“Every child is different, but every child learns.”BARBARA CAULFIELD
I feel like part of my job as an artist is to pay homage to those who came before me; those who played a major role in making me the thinker and creator I am today. In the realm of positive influence, I have been so fortunate. From an early age, I was surrounded by people who were kind, caring, and creative. This has been essential to my understanding of what it means to be a person in this world. When I think back on my early life, I am struck by the role that my elementary school played on my growth and development. Of course, elementary school is a time where growing and learning happens at top speed, but year after year, I had teachers who genuinely cared for their students and did everything in their power to help us succeed. I know this isn’t the case across the board and I don’t want to miss the opportunity to say thank you to those who deserve to hear it.
So, I begin with Mrs. Caulfield, my second grade teacher. When I remember my elementary school years, Mrs. Caulfield stands out as a larger than life presence, the kindest face in the crowd, and one of the first people who really showed me what it means to be compassionate. Her classroom was an oasis of snacks and solace. It was a place where rest was welcome, learning was exciting, and kindness was the norm. Everyone was heard. Everyone was held. Although prior to this interview, it had been 10 years or more since seeing Mrs. Caulfield; the lessons she shared have lived in my heart since I was 7 years old. I wanted to take the time to tell her this, so I reached out and set up a zoom meeting. What follows is a conversation on kindness, compassion, and what it means to make a child feel important.
Barbara Caulfield: I don’t know if you remember this, but one day you were home sick from school… I don’t know if you know what I’m talking about?
Olivia DelGandio: Are you talking about when you all waved at me from the field?
Barbara: Yes, yes.
Olivia: Yes, it’s one of my favorite early memories!
Barbara: I remember we could see your house from school and you would always say, “There’s my house!” So that day you were home sick and we were at PE and I called your mother and she took you into the backyard and there we all were, waving at you!
Olivia: Yes! That is such a great memory. I remember it so clearly. That was the kind of stuff you did all the time, you just made your students feel so special and like you really cared about them. That really sticks with a person.
Barbara: Thank you, thank you. Actually, I’m still friends with many, many, many of my students. My oldest students that I taught turned 50 this year.
Olivia: Oh wow, that’s crazy. You know, another thing that really stuck with me about your class was that you always had blankets and pillows in the room and you let us nap in the back of the classroom if we wanted to. I just remember that being the only space in my childhood education that a teacher recognized that sometimes kids just need to chill out for a bit. I think having that lesson as a kid— if you don’t feel good, you can rest— was really important.
Barbara: I don’t know if you remember, I also had the thermometer. I would take your temperature and if you had a fever, you had to go to the nurse’s office, but if you didn’t, you could just rest in the room until you felt better. I’d also have snacks every day for the kids.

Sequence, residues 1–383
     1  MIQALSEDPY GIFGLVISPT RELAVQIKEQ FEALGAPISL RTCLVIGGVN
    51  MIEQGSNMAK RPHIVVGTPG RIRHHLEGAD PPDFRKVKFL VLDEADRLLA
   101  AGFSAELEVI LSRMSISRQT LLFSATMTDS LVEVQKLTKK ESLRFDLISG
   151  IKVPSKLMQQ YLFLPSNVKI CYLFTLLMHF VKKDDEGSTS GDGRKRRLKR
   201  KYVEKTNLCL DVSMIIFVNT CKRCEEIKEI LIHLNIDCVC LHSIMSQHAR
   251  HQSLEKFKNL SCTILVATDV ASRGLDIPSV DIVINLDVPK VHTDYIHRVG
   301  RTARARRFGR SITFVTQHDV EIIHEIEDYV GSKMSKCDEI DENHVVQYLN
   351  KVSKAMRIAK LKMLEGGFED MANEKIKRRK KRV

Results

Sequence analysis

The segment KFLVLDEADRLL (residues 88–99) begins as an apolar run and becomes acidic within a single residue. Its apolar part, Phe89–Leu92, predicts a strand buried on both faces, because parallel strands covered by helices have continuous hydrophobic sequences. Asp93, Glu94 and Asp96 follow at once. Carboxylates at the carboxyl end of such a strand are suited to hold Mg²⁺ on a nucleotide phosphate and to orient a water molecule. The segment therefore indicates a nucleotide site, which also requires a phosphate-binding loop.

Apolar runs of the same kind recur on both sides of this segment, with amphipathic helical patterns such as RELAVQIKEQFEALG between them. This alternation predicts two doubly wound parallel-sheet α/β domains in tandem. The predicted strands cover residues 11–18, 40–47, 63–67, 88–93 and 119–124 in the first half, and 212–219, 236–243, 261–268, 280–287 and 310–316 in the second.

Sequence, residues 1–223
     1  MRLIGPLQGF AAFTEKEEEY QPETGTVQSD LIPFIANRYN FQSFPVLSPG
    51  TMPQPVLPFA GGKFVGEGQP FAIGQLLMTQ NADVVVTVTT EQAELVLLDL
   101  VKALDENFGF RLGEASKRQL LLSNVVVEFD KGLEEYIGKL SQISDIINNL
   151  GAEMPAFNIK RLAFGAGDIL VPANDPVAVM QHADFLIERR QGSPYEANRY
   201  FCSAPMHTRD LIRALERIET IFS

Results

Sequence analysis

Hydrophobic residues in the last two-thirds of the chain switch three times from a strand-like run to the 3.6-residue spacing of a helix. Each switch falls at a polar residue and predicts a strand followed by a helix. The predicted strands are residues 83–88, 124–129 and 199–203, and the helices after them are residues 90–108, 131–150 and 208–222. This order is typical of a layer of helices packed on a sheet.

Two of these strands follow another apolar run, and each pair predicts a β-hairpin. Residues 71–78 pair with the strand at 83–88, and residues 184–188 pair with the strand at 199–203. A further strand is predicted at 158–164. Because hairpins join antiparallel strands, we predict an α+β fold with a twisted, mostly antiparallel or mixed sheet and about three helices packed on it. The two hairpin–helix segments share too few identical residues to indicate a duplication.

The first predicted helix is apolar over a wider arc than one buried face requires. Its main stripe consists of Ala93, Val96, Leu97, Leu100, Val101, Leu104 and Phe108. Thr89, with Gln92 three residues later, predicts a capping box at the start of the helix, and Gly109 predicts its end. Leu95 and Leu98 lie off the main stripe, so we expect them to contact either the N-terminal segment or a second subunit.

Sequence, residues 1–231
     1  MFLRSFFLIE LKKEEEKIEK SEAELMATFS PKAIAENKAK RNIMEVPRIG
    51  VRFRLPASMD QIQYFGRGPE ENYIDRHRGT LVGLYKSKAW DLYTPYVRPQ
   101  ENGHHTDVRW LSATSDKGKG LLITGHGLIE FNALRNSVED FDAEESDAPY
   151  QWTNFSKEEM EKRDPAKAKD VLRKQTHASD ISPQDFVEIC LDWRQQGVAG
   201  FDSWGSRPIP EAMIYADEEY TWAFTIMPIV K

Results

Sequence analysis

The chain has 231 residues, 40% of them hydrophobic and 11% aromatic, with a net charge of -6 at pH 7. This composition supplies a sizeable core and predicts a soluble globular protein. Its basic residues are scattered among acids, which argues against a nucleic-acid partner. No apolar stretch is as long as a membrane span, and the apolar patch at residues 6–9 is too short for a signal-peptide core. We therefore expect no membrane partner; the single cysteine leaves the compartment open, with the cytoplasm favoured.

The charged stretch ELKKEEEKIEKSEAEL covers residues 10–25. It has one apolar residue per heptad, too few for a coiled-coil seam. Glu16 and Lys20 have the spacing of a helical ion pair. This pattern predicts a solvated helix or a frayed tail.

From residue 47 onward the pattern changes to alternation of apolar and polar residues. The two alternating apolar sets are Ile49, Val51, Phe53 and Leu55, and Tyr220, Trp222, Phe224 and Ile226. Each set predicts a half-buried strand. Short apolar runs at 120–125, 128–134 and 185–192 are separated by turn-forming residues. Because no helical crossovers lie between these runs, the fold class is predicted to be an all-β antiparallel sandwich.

Olivia: I don’t really remember that.
Barbara: We’d have these big containers of pretzel sticks.
Olivia: Oh, it’s coming back to me! You’d always have animal crackers, too.
Barbara: Yes! Or granola bars or those little gummy packets because I know, for a kid, when you eat breakfast at 7:30 in the morning or earlier, by 10am you’ll be starving. That’s why we’d have Specials from 10-10:30 and then we’d have snacks and do Everyday Counts.
Olivia: Oh, the sheet with the days of the week?
Barbara: Yes, you’d fill in what day it was, how many days we had been in school and how many we had left, there was trivia and science, and there was a map on the back for the geography section. You’d have to find the capital of a state and I’d color the state in on the whiteboard. Everyone was always excited to do it and we’d talk about it while we were eating snacks so we never wasted time.
Olivia: It was great. I’m taking a pedagogy class at the moment and we’re talking about teaching philosophies. I’m wondering if you had a philosophy that you lived by while you were teaching?
Barbara: There was one thing I always had on my mind: every child is different, but every child learns. Not everybody learns at the same pace so you have to be careful not to lose those stragglers. I have a picture that says, “The moon and the sun both shine but not at the same time,” and I just love thinking about it that way. I don’t know if you remember me saying I hated giving homework, but I did. I only gave homework because the other teachers pressured me to. Having you in class for 6 hours, you absorbed enough. Kids are like sponges, but you can only give them so much water before they overflow and start to lose some. My philosophy on homework was to let the child go outside and play. There’s so much learning that happens just from playing outside: you trip on your untied shoelace and you learn why it’s important to tie your shoes; it starts raining and you wonder why you’re all wet. It’s learning cause and effect. You can learn so much from never having homework and just going outside.